Research finds plastic tax sign-ups 'surprisingly low’

Law firm Pinsent Masons says that businesses are experiencing ‘widespread confusion’ in regards to the Plastic Packaging Tax, with figures showing that only 992 firms have registered to pay the levy.

Plastic packagingGovernment department HM Revenue and Customs (HMRC) previously estimated that up to 20,000 businesses would be affected by the tax, which came into force in April. The tax is payable by UK businesses manufacturing or importing plastic packaging with less than 30 per cent recycled content. All businesses trading over 10 tonnes of plastic packaging each year are obligated.

Abigail McGregor, Tax Solicitor at Pinsent Masons, said the registration figures were surprisingly low, despite the fact that only the UK’s largest suppliers were required to register in the first month.

According to McGregor, this could call into question the £235 million in revenue that HMRC predicted it would collect from the new tax in its first year. Some firms may be unaware they have to pay the tax, since the definition of ‘plastic packaging’ is ‘not always obvious’, with McGregor noting the inclusion of items such as plastic coat-hangers within the tax.

Businesses are required to carry out ‘due diligence on their supply chains’ and can be held jointly liable with suppliers or customers who fail to pay the tax correctly. Pinsent Masons highlights that deliberate failure to comply carries the risk of criminal charges.

The Plastic Packaging Tax

The Plastic Packaging Tax came into force at the start of April and applies to plastic packaging with less than 30 per cent recycled content. Companies have to pay £200 for every tonne of plastic packaging they use that does not contain the minimum recycled material.

A consultation on a tax on plastic packaging was first launched in the UK Government’s spring budget statement in 2018, drawing the largest response ever to a Treasury consultation with more than 162,000 responses received between 13 March and 18 May.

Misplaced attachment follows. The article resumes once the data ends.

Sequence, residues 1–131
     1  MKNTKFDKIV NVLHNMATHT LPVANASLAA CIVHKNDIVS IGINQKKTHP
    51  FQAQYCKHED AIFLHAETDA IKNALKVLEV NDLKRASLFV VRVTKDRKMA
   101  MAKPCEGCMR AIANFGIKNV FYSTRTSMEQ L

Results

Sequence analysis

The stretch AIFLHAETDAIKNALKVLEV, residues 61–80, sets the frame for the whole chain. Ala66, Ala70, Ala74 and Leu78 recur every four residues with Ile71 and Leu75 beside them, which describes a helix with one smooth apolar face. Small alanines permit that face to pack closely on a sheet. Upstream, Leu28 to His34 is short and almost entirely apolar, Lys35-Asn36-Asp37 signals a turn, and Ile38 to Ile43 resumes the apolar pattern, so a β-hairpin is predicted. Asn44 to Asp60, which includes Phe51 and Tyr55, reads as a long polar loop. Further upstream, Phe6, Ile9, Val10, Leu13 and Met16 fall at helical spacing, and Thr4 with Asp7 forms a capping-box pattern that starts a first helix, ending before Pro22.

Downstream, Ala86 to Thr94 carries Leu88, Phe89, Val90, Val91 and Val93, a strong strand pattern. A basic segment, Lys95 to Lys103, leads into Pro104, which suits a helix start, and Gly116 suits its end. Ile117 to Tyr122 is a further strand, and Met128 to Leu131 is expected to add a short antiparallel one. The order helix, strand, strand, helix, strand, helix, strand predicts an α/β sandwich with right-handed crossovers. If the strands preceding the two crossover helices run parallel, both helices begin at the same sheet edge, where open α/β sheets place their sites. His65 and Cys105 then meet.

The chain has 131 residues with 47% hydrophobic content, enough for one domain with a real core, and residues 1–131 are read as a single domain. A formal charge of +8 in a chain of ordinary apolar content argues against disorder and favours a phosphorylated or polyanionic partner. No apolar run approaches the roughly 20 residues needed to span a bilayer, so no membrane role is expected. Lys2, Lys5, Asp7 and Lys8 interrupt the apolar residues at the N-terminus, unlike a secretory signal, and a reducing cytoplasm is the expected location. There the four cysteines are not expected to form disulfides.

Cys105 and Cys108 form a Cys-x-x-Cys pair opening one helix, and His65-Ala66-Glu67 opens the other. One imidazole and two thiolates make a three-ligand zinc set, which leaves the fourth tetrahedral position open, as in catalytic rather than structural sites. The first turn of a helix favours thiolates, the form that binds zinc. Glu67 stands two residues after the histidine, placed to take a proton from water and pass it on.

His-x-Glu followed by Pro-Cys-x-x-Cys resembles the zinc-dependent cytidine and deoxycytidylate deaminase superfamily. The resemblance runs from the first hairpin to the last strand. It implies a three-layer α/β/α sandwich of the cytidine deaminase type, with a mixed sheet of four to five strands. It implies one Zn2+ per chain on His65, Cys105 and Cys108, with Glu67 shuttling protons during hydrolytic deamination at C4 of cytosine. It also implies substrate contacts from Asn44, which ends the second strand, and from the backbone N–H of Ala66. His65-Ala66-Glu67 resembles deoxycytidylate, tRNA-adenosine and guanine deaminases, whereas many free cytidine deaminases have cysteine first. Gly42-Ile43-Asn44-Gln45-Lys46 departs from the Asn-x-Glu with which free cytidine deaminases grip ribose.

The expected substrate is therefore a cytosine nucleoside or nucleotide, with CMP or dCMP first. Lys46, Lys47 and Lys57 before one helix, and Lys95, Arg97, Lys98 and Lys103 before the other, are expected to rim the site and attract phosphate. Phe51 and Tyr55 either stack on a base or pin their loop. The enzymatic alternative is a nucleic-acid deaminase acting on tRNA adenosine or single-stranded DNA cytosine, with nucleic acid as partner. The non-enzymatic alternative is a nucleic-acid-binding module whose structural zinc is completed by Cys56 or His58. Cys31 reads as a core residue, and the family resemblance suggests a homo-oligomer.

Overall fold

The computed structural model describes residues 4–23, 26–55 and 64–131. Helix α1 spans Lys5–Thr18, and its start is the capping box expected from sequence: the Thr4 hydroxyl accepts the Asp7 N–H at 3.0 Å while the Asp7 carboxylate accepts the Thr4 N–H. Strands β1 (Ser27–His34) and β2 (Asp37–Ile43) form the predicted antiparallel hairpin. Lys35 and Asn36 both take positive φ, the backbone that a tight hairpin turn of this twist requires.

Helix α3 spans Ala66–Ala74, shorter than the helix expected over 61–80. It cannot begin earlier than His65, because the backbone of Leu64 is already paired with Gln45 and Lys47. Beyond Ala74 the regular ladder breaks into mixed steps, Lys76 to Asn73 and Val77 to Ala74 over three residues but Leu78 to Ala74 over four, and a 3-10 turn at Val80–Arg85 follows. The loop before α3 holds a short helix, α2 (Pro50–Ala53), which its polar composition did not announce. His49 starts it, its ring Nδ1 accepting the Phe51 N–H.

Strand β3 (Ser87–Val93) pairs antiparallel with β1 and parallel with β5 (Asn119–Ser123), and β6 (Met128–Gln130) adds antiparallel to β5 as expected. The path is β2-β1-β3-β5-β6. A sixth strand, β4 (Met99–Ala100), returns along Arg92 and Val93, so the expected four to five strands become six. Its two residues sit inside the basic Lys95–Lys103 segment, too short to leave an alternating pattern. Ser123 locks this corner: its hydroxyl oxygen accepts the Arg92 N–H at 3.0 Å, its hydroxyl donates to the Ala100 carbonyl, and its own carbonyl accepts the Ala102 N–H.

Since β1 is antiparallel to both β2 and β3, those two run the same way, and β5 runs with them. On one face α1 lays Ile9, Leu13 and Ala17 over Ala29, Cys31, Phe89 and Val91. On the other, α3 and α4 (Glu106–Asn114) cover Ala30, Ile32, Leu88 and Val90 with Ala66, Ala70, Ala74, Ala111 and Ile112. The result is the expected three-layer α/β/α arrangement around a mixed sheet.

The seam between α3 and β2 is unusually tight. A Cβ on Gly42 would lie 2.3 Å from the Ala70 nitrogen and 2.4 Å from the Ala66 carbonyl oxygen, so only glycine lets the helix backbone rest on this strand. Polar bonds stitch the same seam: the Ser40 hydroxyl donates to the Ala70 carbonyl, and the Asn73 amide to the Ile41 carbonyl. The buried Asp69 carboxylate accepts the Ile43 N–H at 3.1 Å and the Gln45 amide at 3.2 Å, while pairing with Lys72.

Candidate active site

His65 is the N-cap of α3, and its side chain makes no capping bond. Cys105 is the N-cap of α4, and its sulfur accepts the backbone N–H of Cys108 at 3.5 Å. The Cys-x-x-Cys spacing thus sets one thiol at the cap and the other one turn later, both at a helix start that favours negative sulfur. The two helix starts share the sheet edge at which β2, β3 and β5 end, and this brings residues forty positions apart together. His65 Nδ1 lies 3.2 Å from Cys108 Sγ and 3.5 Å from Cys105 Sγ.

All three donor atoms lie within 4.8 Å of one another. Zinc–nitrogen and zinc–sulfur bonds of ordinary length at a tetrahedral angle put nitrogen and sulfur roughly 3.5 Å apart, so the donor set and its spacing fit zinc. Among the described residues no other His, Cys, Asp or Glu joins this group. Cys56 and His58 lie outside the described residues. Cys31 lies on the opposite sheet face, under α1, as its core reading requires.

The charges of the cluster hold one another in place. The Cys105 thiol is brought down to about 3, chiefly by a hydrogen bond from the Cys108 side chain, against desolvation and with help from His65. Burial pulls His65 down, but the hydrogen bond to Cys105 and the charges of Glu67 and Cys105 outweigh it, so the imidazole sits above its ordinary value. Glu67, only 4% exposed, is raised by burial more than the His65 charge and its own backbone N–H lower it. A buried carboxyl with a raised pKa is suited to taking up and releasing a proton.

In the Government’s autumn budget statement of the same year, the tax was officially announced alongside a further consultation ahead of its implementation.

In 2020, a minimum threshold for the tax was set, exempting businesses producing less than 10 tonnes of packaging per year to protect smaller businesses from disproportionate charges.

According to recent research conducted by packaging suppliers Lindum Packaging, six out of 10 companies using plastic packaging have seen an increase in their packaging costs since the introduction of the tax.

‘Being unaware of a new tax will not stop HMRC from investigating your business’

Abigail McGregor commented: “There is a lot of confusion among UK businesses – as well as those who supply into the UK – about who needs to pay the plastic packaging tax, when they need to pay and on which products.

“Many are unaware the products they make or use are within the scope of the tax, or that they could be liable if another member of their supply chain fails to pay.”

“Although HMRC is unlikely to impose hefty penalties for innocent non-compliance immediately, unfortunately, being unaware of a new tax will not stop HMRC from investigating your business and levying penalties for any underpayments or failure to register and make returns in the longer term. Businesses that ignore the plastic packaging tax may be in for a nasty surprise.

“It is critically important that companies make sure they know whether they are liable or not – or whether they have sufficient due diligence measures in place – as soon as possible. Any businesses which are unsure should seek professional advice immediately.”